The car rental desks are in the multi-storey car park lots C and B, directly in front of the terminal and connected via passenger walkways. Simply follow the signs from the arrivals area. There are several major companies represented, including Hertz, Avis, Sixt and Budget, as well as a few local operators.

Airpor Taxis

Authorised taxis can usually be found in the arrivals areas.

Airport Facilities

Airport facilities include ATMs and currency exchange, information desks, travel agents, pharmacies, massage parlours, a beauty parlour, a hairdresser, as well as slot machines and laundry facilities. There are business facilities, and there are myriad shopping and dining options.

Car Parking

Parking spaces are available in front of the terminal, and there is a variety of options within the garages and long-term lots. All parking options are connected to the terminals via walkways or shuttle buses.


Giovan Battista Pastine Airport (CIA)

LocationThe airport is situated nine miles (15km) southeast of Rome.
Time DifferenceGMT +1 (GMT +2 between the last Sunday in March and the Saturday before the last Sunday in September).

+39 06 7934 8521 or +39 06 7949 4234.

Transfer terminals

Not applicable - Ciampino Airport has only one terminal building, though you will take a shuttle from your plane to the arrivals area.

Getting to city

Airport taxis are available and as has been mentioned, taxi fares from Ciampino Airport into the centre of Rome (defined as the area within the Aurelian walls) can be prohibitively expensive. To combat this problem, the airport has set up an official taxi stand, located opposite the arrivals hall. Here, taxis operate on a fixed rate of about €30 per cab, good for a maximum of four passengers and their baggage. The trip should take 25 minutes - but in traffic, it'll be closer to an hour. Buses are another option, and there are many service providers. Travellers are advised to choose to go the public bus route.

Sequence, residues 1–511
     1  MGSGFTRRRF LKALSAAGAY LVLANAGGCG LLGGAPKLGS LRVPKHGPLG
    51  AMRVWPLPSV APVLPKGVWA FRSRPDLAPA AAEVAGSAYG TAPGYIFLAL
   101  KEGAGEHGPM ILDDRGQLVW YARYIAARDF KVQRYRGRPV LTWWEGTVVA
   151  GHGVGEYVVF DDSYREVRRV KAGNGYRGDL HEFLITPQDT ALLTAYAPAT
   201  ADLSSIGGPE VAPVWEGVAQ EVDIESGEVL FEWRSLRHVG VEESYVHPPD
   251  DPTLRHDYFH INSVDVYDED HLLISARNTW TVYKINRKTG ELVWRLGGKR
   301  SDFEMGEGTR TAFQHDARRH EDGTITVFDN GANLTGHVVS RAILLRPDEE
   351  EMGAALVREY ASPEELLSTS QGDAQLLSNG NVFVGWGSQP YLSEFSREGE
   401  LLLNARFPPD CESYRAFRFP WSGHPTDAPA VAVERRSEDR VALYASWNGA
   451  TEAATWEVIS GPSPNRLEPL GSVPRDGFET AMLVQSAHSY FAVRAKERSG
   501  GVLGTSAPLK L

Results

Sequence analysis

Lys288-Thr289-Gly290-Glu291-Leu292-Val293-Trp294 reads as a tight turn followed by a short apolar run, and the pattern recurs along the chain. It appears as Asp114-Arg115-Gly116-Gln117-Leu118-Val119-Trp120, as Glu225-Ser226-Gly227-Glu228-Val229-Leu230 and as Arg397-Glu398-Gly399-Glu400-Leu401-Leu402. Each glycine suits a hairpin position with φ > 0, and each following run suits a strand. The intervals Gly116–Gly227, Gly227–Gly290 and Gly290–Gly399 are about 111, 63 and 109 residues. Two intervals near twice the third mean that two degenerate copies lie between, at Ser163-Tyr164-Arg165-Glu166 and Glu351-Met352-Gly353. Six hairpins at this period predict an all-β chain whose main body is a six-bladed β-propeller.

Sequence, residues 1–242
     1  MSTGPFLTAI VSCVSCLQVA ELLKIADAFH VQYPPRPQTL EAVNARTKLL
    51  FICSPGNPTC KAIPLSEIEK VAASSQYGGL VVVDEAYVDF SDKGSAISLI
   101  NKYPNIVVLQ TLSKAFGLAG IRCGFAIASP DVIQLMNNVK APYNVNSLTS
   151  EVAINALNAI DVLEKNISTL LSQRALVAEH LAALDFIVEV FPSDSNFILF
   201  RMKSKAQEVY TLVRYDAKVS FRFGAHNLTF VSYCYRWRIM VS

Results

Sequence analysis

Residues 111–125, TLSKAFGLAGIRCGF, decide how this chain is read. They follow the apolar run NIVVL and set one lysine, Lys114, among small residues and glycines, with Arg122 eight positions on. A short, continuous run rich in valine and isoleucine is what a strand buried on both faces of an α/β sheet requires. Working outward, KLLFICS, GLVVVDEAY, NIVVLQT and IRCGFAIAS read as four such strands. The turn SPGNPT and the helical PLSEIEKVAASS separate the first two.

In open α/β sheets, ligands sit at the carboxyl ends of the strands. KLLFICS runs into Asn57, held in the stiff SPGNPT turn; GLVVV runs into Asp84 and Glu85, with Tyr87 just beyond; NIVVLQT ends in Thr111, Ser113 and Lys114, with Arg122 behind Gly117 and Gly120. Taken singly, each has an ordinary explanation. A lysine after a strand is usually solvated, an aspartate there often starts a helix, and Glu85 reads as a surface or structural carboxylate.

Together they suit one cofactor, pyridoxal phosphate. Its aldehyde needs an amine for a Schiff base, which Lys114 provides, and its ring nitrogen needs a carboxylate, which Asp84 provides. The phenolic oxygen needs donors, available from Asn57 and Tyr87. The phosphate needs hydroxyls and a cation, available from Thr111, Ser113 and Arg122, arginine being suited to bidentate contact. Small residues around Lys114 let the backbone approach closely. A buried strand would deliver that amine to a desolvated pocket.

Car Rental

Car rentals are provided by Avis, Budget, Europcar, National, Sixt and Hertz. The rental offices are well-signed and are located near the airport's entrance. You will require an International Driving Permit (IDP) in order to rent a vehicle, and all cars will feature automatic transmissions.

Airpor Taxis

Only use authorised taxis (white cars with meters). The journey to central Rome will take about 40 minutes and the fare is approximately €40, although a surcharge is added on Sundays, public holidays, late at night and for excess baggage.

Airport Facilities

A bank (Banco di Roma) is located in the departures area, and numerous ATMs and bureaux de change are scattered throughout the terminal building. A lost and found office is also available, as is a VIP lounge with a snackbar and private boarding/disembarkation gates. Other facilities include nursery and medical facilities; a passenger assistance and customer service desk; tour operators and travel agencies; shops and cafes; and full access and comprehensive facilities for disabled passengers (the airport is renowned for its convenience for disabled passengers).

Car Parking

Both short- and long-term parking is available at Ciampino Airport. The first 15 minutes are free, thereafter various charges are levied.

Depature TaxDeparture tax is included in the price of your ticket.


Separated from central Rome by the Tiber River, Trastevere is a picturesque medieval neighbourhood characterised by a quirky Bohemian atmosphere. Its narrow cobblestone streets are lined with overhanging flower boxes and washing lines and are home to numerous cafes, boutiques, pubs and r
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Tratevere ©Verity Cridland

Capitoline Hill

Capitoline Hill was the original capital of Ancient Rome and continues to serve as the seat of the city's government. It is the smallest, but also the most famous, of the Seven Hills of Rome, and once housed the Senate. The main feature of the area is Michelangelo's Piazza del Campidogli
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Sculpture at Capitoline Hill ©Erin Silversmith

Roman Forum (Foro Romano)

The site of Ancient Rome's commercial, political and religious centre rests in the valley between the Capitoline and Palatine hills. The Forum's main thoroughfare, Via Sacra, slices through the old market square and former civic centre. To make sense of the ruins and relics of the old Re